Notes from the Front Line: Sales Manager Excellence

When you’re part of an organization whose sales team is spread out over a large territory, it’s easy to lose touch with what’s happening on the front lines, where staff work directly with prospects and customers.

Your sales managers are your leaders of people on these front lines.

Since my coaching and sales training includes a lot of work in this area, let me share with you my notes from the front lines about how to spot greatness in your sales managers.

They are metrics driven

Great sales managers manage their people and run their operation based on facts, not assumptions. They don’t treat metrics as a nuisance. They’re data junkies. Why? Because collecting data and understanding information is how you gain knowledge. Without this, it’s impossible to achieve goals or to be able to product accurate forecasts. Measure everything that’s meaningful. Remember: metrics aren’t just something we conduct for the benefit of others: it directly helps each of us do our jobs well. 

They are exceptional coaches

In sales, management means coaching. That’s the #1 job function of your best sales managers. The best coaching involves having consistent one-on-one meetings with individual sellers every few weeks. They use the data that’s been collected to better define goals and opportunities. They also participate in ride-alongs within their sales territory to see for themselves what’s working and what’s not, and to share with the rest of the team what they’ve learned.

They are change agents

The best sales managers are fearless about change. They’re willing to experiment. “What should we be doing differently to get the results we are looking for?” That’s the question they’re most prone to ask. To answer that, they’ll look at revising compensation plans, replacing or reallocating staff, reorganizing territories and rebuilding offers to the market.  No change is of the table for discussion. What they won’t do is accept the status quo as a solution to a problem.

They are both curious and skeptical

These aren’t contradictory qualities. Great sales managers on the front lines ask a lot of questions, but they also don’t automatically accept the first answer they get. They go digging and question assumptions. They’ll challenge their sellers to separate fact from fiction: “Give me an example…Tell me more about what you’re talking about…what proof is there to back that claim?”  Remember, being skeptical means trust and verify: as opposed to being paranoid, which means mistrust and deny.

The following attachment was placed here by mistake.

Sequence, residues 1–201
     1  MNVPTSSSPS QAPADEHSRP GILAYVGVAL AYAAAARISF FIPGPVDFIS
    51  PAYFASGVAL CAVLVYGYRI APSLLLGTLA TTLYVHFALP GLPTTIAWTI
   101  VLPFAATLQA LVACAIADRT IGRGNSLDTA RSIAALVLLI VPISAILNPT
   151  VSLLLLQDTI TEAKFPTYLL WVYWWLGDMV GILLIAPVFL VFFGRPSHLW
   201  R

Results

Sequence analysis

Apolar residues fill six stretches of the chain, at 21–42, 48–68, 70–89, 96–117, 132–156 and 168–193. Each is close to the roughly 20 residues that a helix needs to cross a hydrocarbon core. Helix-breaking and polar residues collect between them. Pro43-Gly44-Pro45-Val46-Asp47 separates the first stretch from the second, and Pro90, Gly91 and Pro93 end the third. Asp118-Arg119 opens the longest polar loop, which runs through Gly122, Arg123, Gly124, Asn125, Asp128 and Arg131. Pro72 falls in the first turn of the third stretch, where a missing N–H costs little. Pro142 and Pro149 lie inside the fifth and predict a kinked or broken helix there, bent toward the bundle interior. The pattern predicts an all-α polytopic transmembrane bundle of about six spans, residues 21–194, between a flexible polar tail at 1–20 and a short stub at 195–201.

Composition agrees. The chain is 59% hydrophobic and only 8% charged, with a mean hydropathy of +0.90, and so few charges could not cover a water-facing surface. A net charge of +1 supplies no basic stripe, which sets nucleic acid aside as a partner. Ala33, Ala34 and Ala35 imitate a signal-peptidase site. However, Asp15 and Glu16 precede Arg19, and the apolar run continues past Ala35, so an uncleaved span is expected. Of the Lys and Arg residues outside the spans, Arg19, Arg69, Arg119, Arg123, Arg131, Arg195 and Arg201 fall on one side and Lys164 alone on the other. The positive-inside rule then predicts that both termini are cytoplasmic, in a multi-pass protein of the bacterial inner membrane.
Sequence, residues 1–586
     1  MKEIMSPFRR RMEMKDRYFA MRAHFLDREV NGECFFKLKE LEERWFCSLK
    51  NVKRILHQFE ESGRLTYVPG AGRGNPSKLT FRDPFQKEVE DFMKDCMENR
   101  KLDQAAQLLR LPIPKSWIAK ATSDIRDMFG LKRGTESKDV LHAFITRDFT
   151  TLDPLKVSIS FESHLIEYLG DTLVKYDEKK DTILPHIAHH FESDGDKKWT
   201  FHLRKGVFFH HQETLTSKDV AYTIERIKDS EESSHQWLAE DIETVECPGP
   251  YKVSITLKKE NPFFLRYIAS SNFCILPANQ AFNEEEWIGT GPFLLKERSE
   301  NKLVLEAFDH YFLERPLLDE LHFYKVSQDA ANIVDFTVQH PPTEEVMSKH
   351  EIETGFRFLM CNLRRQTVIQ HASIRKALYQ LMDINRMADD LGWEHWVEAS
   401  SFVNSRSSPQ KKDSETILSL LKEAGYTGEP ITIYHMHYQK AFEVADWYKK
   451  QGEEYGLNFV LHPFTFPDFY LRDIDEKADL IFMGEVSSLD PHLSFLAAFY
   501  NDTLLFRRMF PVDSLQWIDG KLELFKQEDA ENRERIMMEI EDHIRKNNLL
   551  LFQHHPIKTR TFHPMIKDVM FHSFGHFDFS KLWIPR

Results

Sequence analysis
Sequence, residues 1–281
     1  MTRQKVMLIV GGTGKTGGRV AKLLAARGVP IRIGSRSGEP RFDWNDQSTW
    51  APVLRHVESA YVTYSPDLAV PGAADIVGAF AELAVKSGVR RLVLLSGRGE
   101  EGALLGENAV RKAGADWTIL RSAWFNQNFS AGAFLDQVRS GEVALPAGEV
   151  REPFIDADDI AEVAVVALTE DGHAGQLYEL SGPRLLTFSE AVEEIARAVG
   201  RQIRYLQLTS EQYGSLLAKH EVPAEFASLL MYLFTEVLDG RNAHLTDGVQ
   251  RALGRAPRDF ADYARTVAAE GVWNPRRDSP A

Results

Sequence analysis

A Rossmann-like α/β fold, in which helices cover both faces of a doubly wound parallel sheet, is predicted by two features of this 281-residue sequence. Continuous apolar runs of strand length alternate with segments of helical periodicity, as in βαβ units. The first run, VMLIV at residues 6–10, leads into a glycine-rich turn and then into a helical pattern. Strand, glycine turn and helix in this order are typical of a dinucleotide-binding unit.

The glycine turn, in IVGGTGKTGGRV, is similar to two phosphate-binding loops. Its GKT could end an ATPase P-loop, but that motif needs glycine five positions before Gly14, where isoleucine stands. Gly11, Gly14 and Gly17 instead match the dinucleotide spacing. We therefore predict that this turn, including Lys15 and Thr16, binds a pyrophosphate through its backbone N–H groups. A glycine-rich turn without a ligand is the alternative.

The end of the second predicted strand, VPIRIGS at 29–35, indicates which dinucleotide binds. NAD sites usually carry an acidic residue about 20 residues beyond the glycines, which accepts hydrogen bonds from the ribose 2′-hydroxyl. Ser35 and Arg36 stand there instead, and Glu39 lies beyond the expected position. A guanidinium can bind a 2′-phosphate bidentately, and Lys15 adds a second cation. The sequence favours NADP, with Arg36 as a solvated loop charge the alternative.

They are team players

Being a top seller is the salesperson’s job. The sales manager’s role is to teach and refine the skills of their sales staff to help them get there and stay there. They have a team-focused mindset: checking their ego at the door so they can give their best to others. Your best sales managers succeed when their top salespeople are outperforming what they once achieved as sellers themselves. They take those wins and learn how to use those top sellers to the team’s advantage. 

They teach the fundamentals and curate excellence

Note the distinction. If all a sales manager does is try and teach excellence based solely on their own experiences in the field, their coaching will fall short. The best ones teach the fundamentals about sales: time honored principles that work. And then they showcase the very best examples of what they see others doing in the field today. Curating winning habits of others is a much longer undertaking, it offers more variety and it’s timelier.

To conclude: your sales managers are responsible for executing strategy and getting those who report to them to perform at peak potential. So it’s important to be able to spot the attributes and behaviors shared by the very best in that role. Keep an eye out for each of these six attributes when staffing sales manager positions in your organization.